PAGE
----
|Agnes Scott College|
|Georgia College and State University|
|Georgia Institute of Technology|
|Georgia State University|
|University of Georgia|
|College of Idaho|
|Northwest Nazarene University|
|Illinois Institute of Technology|
|Illinois Wesleyan University|
|Lake Forest College|
|School of the Art Institute of Chicago|
|University of Chicago|
|University of Illinois at Urbana-Champaign|
|Rose-Hulman Institute of Technology|
|University of Evansville|
|University of Notre Dame|
|Centenary College of Louisiana|
|Southern University at New Orleans|
|Xavier University of Louisiana|
|Maine College of Art|
|St. Joseph's College of Maine|
|University of Maine|
|University of Maine at Farmington|
|University of Maine at Machias|
|University of New England|
|Loyola University Maryland|
|Mount St. Mary's University|
|St. John's College|
|United States Naval Academy|
|University of Maryland|
|University of Maryland Baltimore County|
|Bay Path College|
|Berklee College of Music|
|Bridgewater State University|
|Framingham State University|
|Massachusetts College of Art and Design|
|Massachusetts College of Liberal Arts|
|Massachusetts College of Pharmacy and Health Sciences|
|Massachusetts Institute of Technology|
|Massachusetts Maritime Academy|
|Montserrat College of Art|
|Salem State University|
|University of Massachusetts Amherst|
|University of Massachusetts Dartmouth|
|University of Massachusetts Lowell|
|Worcester Polytechnic Institute|
|Central Michigan University|
|Michigan State University|
|University of Michigan|
|Bemidji State University|
|College of Saint Benedict|
|Gustavus Adolphus College|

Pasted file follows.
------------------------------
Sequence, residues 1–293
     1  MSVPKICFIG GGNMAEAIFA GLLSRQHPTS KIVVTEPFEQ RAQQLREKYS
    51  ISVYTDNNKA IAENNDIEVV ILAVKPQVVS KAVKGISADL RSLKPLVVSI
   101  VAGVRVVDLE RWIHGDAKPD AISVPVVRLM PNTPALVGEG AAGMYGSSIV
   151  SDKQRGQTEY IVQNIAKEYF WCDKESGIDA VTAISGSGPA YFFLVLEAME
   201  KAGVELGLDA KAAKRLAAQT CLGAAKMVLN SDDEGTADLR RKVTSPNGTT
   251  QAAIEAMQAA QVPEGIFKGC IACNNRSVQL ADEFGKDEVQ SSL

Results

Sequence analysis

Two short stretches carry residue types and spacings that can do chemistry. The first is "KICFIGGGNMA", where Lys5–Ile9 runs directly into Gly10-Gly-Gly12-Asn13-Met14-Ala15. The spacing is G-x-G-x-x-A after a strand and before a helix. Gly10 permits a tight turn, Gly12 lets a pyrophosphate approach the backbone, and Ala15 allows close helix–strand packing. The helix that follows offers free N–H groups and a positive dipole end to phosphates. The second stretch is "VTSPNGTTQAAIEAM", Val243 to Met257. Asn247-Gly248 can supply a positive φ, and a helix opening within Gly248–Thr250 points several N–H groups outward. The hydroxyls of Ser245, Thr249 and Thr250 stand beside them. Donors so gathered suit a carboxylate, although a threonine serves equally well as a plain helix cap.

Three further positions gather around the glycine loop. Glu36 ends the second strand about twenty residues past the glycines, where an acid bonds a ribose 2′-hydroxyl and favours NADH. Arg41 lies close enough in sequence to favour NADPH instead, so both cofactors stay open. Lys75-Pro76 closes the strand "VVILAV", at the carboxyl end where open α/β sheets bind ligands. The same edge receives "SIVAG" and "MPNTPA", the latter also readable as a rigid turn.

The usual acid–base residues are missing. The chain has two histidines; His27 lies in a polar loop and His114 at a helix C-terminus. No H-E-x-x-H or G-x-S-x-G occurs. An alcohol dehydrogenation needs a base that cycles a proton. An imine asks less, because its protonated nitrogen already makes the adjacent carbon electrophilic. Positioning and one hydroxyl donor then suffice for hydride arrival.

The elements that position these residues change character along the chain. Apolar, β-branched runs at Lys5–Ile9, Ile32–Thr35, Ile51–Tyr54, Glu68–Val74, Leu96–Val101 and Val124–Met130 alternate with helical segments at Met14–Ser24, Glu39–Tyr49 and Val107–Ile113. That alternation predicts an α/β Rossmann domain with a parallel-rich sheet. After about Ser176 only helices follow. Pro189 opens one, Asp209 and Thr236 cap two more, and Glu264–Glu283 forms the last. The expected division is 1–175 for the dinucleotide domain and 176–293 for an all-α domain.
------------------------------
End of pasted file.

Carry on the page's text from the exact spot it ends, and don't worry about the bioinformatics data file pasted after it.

|Minneapolis College of Art and Design|
|Saint John's University|
|Rocky Mountain College|
|Sierra Nevada College|
|Saint Anselm College|
|Southern New Hampshire University|
|University of New Hampshire|
|Georgian Court University|
|Ramapo College of New Jersey|
|Saint Peter's University|
|Seton Hall University|
|William Paterson University|
|St. John's College|
|College of Mount St. Vincent|
|College of St. Rose|
|Columbia University, School of General Studies|
|Concordia College New York|
|Le Moyne College|
|New York Institute of Technology|
|Purchase College (State University of New York at Purchase)|
|State University of New York at New Paltz|
|State University of New York College at Cortland|
|State University of New York College at Oneonta|
|State University of New York Institute of Technology|
|The King's College|
|University at Albany|
|Fayetteville State University|
|High Point University|
|North Carolina State University|
|University of North Carolina at Asheville|
|University of North Carolina at Chapel Hill|
|University of North Carolina at Charlotte|
|University of North Carolina at Wilmington|
|Western Carolina University|
|William Peace University|
|Sanford College of Nursing|
|Case Western Reserve University|
|Cleveland Institute of Art|
|Cleveland State University|
|College of Wooster|
|Columbus College of Art and Design|
|John Carroll University|
|Ohio Wesleyan University|
|University of Akron|
|University of Dayton|
|University of Tulsa|
|George Fox University|
|Lewis & Clark College|
|Oregon State University|
|University of Oregon|
|La Salle University|
|Saint Joseph's University|
|Shippensburg University of Pennsylvania|
|University of Scranton|
|Washington & Jefferson College|
|EDP University of Puerto Rico|
|University of Puerto Rico at Mayaguez|
|Roger Williams University|
|Salve Regina University|
|University of Rhode Island|
|College of Charleston|
|University of South Carolina|
|Sewanee: University of the South|
|Abilene Christian University|
|Southern Methodist University|
|Tarleton State University|
|Texas Christian University|
|University of Dallas|
|University of St. Thomas|
|Johnson State College|
|Lyndon State College|
|Saint Michael's College|
|University of Vermont|
|Christopher Newport University|
|Emory & Henry College|
|James Madison University|
|Old Dominion University|
|Patrick Henry College|
|University of Mary Washington|
|University of Virginia|
|University of Virginia's College at Wise|
|Seattle Pacific University|
As you can see, there are a lot of early action schools. Does it give you an advantage to apply early to a school? In one sense, applying early may communicate your enthusiasm for the school and suggest that you're committed to going there. Admissions officers may appreciate this commitment.